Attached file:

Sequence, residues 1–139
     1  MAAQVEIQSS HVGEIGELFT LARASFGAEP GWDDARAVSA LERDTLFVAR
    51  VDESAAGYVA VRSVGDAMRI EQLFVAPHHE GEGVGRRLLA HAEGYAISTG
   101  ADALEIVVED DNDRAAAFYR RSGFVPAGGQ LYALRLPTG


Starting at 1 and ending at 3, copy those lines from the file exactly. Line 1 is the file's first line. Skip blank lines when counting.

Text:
Sequence, residues 1–139
     1  MAAQVEIQSS HVGEIGELFT LARASFGAEP GWDDARAVSA LERDTLFVAR
    51  VDESAAGYVA VRSVGDAMRI EQLFVAPHHE GEGVGRRLLA HAEGYAISTG